PAINTING THE INHABITED LANDSCAPE:
Fitz Henry Land and the Global Reach of Antebellum America
Wednesday, February 21, 2024 at 6:00 PM EST (3:00 PM PST)
The Pembroke Historcial Society is greatly honored to host renowned art historian and author Dr. Margaretta Lovell. This Zoom event takes place on Wednesay, Febraury 21 at 6:00 PM. Registration instructions to follow.
Dr. Lovell's presenttion, Painting the Inhabited Landscape: Fitz Henry Lane and the Global Reach of Antebellum America, is a study of the paintings of Gloucester native Fitz H. Lane, investigating the town and the patrons who supported his career with an eye to understanding how New Englanders thought about their land, their economy, their history, and their links with widely disparate global communities. Lane’s works depict nature as productive and allied in partnership with humans to create a sustainable, balanced political economy. What emerges from this close look at Lane’s New England is a picture not of a “virgin wilderness” but of a land deeply resonant with its former uses—and a human history that incorporates, rather than excludes, Native Americans as shapers of land and as agents in that history.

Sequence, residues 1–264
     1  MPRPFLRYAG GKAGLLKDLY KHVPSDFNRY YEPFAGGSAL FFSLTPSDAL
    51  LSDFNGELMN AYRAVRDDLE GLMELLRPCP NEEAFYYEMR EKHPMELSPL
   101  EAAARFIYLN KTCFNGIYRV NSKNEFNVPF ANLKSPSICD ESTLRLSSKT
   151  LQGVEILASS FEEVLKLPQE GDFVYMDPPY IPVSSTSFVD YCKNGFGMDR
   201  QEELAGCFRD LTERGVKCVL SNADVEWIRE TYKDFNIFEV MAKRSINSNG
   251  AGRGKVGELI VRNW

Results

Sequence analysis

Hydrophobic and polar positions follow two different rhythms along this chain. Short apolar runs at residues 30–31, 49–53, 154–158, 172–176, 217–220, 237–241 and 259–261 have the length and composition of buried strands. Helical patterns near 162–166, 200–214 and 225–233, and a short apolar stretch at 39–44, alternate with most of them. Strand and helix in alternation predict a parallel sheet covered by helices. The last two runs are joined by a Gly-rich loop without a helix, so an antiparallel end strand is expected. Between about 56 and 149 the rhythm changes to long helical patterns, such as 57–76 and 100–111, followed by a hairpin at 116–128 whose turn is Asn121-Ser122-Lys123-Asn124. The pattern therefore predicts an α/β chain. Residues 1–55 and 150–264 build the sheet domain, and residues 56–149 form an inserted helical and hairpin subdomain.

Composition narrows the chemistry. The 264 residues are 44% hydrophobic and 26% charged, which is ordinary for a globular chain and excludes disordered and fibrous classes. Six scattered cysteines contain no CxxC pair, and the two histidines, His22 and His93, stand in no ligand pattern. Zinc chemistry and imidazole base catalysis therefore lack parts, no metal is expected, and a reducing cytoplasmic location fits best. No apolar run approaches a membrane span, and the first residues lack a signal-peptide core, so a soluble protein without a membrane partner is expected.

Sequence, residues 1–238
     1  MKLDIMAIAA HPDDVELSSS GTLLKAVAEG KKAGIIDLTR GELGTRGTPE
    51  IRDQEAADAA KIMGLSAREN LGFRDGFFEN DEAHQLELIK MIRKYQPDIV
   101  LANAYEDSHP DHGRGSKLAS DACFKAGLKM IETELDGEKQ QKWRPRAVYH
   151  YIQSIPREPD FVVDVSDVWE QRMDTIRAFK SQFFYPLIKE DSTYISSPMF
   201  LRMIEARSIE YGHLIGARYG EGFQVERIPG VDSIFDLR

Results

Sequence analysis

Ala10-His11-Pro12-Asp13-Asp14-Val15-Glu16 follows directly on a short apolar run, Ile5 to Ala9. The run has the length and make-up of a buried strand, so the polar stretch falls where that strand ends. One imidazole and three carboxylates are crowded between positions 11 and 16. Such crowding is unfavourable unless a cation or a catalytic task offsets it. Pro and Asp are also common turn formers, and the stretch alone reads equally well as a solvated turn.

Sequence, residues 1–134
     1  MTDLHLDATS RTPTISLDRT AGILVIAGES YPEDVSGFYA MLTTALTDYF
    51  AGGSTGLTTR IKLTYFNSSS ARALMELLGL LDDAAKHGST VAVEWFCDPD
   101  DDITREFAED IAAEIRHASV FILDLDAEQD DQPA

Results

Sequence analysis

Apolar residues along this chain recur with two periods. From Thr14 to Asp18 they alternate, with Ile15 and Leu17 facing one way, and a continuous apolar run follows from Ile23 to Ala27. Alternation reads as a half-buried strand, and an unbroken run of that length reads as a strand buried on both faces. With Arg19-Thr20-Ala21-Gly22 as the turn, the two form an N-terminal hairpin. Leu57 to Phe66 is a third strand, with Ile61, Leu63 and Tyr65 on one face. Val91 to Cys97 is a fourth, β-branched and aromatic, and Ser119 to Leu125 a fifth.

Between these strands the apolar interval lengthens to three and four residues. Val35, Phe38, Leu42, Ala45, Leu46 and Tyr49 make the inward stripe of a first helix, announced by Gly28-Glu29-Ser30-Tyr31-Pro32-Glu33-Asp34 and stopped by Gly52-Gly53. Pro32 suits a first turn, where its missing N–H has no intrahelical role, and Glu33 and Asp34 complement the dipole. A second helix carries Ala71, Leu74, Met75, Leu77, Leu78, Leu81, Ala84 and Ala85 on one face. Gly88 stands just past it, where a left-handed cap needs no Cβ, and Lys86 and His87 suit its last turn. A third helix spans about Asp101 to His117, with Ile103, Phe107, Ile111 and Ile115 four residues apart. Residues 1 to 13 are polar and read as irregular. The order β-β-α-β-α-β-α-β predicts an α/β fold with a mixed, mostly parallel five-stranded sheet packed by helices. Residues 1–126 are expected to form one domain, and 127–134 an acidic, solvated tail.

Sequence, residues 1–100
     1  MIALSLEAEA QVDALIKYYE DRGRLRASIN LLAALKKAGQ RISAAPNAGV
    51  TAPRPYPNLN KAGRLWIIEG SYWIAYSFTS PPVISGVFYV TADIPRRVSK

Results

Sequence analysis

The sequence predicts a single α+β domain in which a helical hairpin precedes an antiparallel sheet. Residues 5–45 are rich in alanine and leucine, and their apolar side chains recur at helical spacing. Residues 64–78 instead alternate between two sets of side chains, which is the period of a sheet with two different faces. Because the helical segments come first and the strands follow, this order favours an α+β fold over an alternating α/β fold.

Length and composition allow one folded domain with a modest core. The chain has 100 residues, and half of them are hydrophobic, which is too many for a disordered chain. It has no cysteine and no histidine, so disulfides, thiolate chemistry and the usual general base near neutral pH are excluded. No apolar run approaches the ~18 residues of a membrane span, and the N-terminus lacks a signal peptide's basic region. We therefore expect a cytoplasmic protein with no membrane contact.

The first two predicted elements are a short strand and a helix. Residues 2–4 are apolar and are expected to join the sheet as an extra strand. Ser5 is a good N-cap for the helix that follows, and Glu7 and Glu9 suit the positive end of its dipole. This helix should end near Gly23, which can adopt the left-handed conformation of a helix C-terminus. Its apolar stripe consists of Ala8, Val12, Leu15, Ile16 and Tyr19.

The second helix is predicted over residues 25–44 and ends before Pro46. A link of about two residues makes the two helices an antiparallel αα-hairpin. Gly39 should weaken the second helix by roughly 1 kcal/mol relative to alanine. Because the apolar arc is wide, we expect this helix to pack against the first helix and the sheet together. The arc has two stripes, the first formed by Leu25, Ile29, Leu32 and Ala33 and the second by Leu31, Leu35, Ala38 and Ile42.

Margaretta M. Lovell is a cultural historian working at the intersection of history, material culture studies, architectural history, and art history. She is the author of prize-winning books on American art and culture of the eighteenth, nineteenth, and twentieth centuries. She teaches at the University of California, Berkeley where she holds the Jay D. McEvoy, Jr., Chair in the History of American Art. Her interests include ecological and economic history, and her research has been supported by the Guggenheim, Rockefeller and Terra Foundations, the NEH, Huntington Library, American Antiquarian Society, American Philosophical Society, and the American Council of Learned Societies.
To register for this event, click on the link below and fill out the form.